Monday, September 07, 2009

Discrimination on grounds of philosphical belief?

It is interesting to see that the employers are to appeal a recent tribunal ruling that their treatment of a manager who was a committed environmentalist discriminated against him on grounds of his philosophical belief.

The tribunal's crucial decision at a pre-hearing review is itself a few months old so I suppose that what is newsworthy is that by appealing the decision to the Employment Appeals Tribunal the employers will end up setting a precedent one way or another.

Since discrimination on grounds of religious belief is prohibited it seems to me right that other deeply held beliefs should attract similar protection - we need to be on the look out for the next case in which an employer victimises a trade unionist because of their opposition to privatisation for example. If environmentalism is protected then perhaps a socialist belief in public ownership and public services should likewise be protected?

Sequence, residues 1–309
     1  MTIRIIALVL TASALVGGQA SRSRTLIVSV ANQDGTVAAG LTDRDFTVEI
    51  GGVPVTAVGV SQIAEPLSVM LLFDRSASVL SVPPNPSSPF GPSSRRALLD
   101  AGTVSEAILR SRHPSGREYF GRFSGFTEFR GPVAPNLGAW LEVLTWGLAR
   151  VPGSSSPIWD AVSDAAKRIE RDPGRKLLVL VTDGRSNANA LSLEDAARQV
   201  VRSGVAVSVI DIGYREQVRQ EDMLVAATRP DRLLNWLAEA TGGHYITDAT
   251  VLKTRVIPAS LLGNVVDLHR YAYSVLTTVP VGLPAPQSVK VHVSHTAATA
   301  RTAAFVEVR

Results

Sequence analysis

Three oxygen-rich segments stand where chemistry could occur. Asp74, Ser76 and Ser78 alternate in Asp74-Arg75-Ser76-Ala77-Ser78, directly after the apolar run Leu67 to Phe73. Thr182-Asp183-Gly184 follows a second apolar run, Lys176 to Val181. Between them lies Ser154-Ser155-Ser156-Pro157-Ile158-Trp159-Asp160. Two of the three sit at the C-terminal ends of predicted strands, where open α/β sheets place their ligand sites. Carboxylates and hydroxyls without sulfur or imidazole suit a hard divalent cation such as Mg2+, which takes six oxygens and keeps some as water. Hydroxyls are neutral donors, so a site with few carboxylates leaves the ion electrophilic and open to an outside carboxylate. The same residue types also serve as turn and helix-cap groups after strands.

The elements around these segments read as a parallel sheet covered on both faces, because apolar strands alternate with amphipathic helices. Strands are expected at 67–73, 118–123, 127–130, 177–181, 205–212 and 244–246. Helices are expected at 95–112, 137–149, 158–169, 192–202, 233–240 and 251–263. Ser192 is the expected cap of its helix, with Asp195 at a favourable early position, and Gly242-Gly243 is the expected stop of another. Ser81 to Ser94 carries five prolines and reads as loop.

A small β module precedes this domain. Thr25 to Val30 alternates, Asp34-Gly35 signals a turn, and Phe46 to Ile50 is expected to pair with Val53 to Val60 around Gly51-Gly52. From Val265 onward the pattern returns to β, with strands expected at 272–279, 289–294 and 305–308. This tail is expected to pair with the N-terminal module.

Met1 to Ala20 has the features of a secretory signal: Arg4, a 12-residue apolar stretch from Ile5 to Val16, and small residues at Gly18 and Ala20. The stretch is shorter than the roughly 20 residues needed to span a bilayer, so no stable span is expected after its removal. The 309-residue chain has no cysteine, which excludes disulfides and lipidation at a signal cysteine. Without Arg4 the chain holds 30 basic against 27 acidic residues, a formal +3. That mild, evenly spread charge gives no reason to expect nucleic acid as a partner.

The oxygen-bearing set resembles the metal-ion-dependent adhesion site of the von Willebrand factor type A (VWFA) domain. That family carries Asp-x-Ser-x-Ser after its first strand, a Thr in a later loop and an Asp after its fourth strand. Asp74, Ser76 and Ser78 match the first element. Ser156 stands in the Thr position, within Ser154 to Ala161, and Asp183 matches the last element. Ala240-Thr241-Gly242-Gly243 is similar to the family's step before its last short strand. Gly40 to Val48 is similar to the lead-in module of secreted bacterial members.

At this stage the tribunal decision allows only for informed speculation about what it might mean in future - an EAT decision will set a precedent.

With a Tory Government on the horizon and the Cameroonian outriders in places like Barnet, Essex and Hammersmith showing us their fangs, we need to grab every weapon with which to defend our activists in the coming battle for public services. I hope that the EAT finds for the claimant in this case.

1 comment:

Anonymous said...

do you not mean cameronian ie scottish derivation as opposed to Cameroonian -slightly further afield?